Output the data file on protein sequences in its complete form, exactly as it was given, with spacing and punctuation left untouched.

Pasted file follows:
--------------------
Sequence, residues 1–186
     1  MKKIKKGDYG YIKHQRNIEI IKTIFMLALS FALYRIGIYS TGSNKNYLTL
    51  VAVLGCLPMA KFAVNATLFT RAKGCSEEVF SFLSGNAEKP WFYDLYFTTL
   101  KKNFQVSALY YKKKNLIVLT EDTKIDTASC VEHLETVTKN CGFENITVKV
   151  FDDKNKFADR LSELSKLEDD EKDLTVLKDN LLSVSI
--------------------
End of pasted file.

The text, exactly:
Sequence, residues 1–186
     1  MKKIKKGDYG YIKHQRNIEI IKTIFMLALS FALYRIGIYS TGSNKNYLTL
    51  VAVLGCLPMA KFAVNATLFT RAKGCSEEVF SFLSGNAEKP WFYDLYFTTL
   101  KKNFQVSALY YKKKNLIVLT EDTKIDTASC VEHLETVTKN CGFENITVKV
   151  FDDKNKFADR LSELSKLEDD EKDLTVLKDN LLSVSI